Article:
Triamcinolone (By injection)
Triamcinolone Acetonide (trye-am-SIN-oh-lone a-SEET-oh-nide)
Treats diseases and conditions related to inflammation (swelling). Also relieves knee pain caused by osteoarthritis and reduces swelling in the joints. This medicine is a corticosteroid.
Active Injection Kit KL-3, Active Injection Kit KM, Arze-Ject-A, BT Injection Kit, Bupivilog Kit, DermacinRx Cinlone-I CPI, Interarticular Joint Kit, JTT Physicians Kit, Kenalog-10, Kenalog-40, LT Injection Kit, Lidolog Kit, MLK F1 Kit, MLK F2 Kit, MLK F3 KitThere may be other brand names for this medicine.
When This Medicine Should Not Be Used:This medicine is not right for everyone. You should not receive it if you had an allergic reaction to triamcinolone, or if you have a fungal infection or idiopathic thrombocytopenic purpura.
How to Use This Medicine:
- Your doctor will prescribe your exact dose and tell you how often it should be given. This medicine is given as a shot into one of your muscles, a joint, or a spot on your skin called a lesion.
- A nurse or other health provider will give you this medicine.
- Carefully follow your doctor's instructions about any special diet while you are receiving this medicine.
- Read and follow the patient instructions that come with this medicine. Talk to your doctor or pharmacist if you have any questions.
- Missed dose: Call your doctor or pharmacist for instructions.
Drugs and Foods to Avoid:
Ask your doctor or pharmacist before using any other medicine, including over-the-counter medicines, vitamins, and herbal products.
- Some medicines can affect how triamcinolone works. Tell your doctor if you are using any of the following:
- Aminoglutethimide, amphotericin B, carbamazepine, cholestyramine, cyclosporine, digitalis, isoniazid, ketoconazole, phenobarbital, phenytoin, rifampin
- Birth control pills (including estrogen)
- Blood thinner medicine (including warfarin)
- Diabetes medicine
- Diuretic (water pill)
- Medicine to treat infection (including clarithromycin, erythromycin, troleandomycin)
- NSAID pain or arthritis medicine (including aspirin, celecoxib, diclofenac, ibuprofen, naproxen)
- This medicine may interfere with vaccines. Ask your doctor before you get a flu shot or any other vaccines.
Warnings While Using This Medicine:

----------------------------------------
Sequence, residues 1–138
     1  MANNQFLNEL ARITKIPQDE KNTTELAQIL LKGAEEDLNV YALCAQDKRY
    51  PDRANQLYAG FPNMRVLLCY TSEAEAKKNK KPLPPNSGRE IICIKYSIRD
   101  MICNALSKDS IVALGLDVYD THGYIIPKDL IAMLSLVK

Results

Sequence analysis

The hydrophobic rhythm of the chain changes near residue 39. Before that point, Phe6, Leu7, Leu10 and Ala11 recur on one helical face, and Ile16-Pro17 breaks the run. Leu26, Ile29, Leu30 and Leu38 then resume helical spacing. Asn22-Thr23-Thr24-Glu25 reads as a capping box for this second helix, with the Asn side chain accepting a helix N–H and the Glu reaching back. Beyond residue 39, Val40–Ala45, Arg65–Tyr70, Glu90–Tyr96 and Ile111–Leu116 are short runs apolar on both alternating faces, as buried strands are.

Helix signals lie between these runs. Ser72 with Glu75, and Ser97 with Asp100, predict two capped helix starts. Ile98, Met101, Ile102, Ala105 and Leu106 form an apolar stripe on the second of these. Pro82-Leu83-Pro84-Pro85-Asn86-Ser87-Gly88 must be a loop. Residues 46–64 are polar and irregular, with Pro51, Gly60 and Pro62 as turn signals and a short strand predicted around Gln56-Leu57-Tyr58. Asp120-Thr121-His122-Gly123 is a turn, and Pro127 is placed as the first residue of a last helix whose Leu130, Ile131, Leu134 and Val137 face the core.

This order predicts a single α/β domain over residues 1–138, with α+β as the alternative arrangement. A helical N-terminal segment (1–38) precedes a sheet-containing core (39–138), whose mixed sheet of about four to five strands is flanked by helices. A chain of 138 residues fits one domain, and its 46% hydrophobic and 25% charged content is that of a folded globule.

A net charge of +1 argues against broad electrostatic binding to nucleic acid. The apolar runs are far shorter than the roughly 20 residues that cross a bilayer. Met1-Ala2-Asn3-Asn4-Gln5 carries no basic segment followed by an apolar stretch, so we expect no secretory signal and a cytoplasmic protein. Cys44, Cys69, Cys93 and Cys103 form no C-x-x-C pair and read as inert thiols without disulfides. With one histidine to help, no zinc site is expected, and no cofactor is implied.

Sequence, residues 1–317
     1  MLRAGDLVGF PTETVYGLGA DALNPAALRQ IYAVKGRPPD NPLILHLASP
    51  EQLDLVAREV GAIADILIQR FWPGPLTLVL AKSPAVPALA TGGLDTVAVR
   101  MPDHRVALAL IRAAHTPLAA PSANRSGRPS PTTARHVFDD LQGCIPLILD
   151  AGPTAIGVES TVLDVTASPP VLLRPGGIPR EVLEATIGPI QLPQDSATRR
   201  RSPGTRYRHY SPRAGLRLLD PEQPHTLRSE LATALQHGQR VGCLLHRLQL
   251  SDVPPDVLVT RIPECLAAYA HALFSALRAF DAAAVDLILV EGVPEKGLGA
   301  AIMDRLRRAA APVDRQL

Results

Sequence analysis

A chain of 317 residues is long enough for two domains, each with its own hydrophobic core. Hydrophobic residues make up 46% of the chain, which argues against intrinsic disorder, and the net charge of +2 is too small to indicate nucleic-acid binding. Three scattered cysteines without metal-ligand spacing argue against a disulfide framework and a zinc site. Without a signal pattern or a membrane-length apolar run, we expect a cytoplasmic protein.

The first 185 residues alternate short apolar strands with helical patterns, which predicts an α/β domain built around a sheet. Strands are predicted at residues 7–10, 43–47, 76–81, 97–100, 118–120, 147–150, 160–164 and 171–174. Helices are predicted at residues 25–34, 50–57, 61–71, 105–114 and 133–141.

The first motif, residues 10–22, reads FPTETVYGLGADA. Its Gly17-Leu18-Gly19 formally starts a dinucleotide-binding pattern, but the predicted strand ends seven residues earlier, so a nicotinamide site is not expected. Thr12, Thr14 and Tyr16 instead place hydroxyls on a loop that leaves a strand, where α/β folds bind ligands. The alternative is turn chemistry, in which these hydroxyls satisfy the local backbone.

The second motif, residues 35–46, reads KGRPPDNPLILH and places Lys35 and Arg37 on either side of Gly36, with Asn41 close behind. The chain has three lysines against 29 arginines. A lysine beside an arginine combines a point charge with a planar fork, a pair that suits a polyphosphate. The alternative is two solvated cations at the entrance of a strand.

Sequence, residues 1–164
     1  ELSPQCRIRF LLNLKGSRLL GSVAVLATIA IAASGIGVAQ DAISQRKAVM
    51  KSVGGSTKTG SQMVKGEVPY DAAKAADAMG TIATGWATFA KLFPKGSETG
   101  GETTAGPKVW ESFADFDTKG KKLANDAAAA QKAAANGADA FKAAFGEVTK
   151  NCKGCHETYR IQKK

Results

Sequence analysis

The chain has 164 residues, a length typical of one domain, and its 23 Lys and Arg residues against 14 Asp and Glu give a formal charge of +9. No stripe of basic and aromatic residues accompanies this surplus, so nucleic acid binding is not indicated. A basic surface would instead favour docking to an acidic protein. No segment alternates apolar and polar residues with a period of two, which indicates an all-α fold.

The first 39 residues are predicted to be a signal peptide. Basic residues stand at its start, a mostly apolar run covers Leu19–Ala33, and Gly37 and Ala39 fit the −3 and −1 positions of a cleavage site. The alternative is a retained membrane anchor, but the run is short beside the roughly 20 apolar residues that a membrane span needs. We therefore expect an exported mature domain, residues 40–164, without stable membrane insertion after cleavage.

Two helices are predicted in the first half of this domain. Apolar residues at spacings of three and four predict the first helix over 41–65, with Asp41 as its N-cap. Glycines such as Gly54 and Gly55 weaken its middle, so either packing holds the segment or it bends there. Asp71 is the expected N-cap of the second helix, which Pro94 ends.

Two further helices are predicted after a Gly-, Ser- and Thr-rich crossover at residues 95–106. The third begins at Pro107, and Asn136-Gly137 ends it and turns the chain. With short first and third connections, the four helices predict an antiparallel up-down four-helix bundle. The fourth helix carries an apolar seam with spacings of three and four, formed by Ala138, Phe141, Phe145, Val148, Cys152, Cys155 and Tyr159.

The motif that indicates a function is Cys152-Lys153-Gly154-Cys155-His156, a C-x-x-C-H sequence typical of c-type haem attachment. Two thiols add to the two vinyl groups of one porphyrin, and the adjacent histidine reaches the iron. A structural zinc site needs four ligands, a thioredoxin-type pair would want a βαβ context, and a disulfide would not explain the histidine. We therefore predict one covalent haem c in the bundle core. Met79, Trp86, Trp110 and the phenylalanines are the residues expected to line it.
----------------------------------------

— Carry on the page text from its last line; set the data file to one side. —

- Tell your doctor if you are pregnant or breastfeeding. This medicine contains benzyl alcohol, which can be harmful to infants and unborn babies.
- Tell your doctor if you have kidney disease, liver disease, diabetes, heart failure, heart rhythm problems, a recent heart attack, high blood pressure, eye or vision problems (including cataracts, glaucoma), myasthenia gravis, joint problems, any type of infection (including tuberculosis, herpes infection in the eye, parasite or worm infection), thyroid problems, stomach or bowel problems (including diverticulitis, ulcers), osteoporosis, or a history of mental problems. Tell your doctor if you have been exposed to chicken pox or measles.
- This medicine may cause the following problems:
- Brain, spine, and nerve problems, when given using other routes (including an epidural or through a needle into the spine)
- Joint infection and damage
- Increased risk of infections
- Adrenal gland problems
- High blood pressure
- Increased eye pressure
- Stomach and bowel perforation (tear or hole)
- Changes in bone density, which may lead to osteoporosis
- Changes in mood or behavior
- Tell any doctor or dentist who treats you that you are using this medicine. This medicine may affect certain medical test results.
- Your doctor will check your progress and the effects of this medicine at regular visits. Keep all appointments.
Possible Side Effects While Using This Medicine:
Call your doctor right away if you notice any of these side effects:
- Allergic reaction: Itching or hives, swelling in your face or hands, swelling or tingling in your mouth or throat, chest tightness, trouble breathing
- Dizziness, headache, slow or fast heartbeat
- Fever, chills, sore throat, cough, body aches
- Inability to move your legs or arms, paralysis of the upper or lower half of the body
- Muscle or joint pain, stiffness, or swelling
- Rapid weight gain, swelling in your hands, ankles, or feet
- Restlessness, confusion, agitation, unusual mood or behavior
- Sudden and severe stomach pain, nausea, vomiting
- Sudden or severe headache, problems with vision, speech, or walking
If you notice these less serious side effects, talk with your doctor:
- Pain, itching, burning, or swelling where the shot is given
If you notice other side effects that you think are caused by this medicine, tell your doctor
Call your doctor for medical advice about side effects. You may report side effects to FDA at 1-800-FDA-1088
Last Updated: 1/4/2018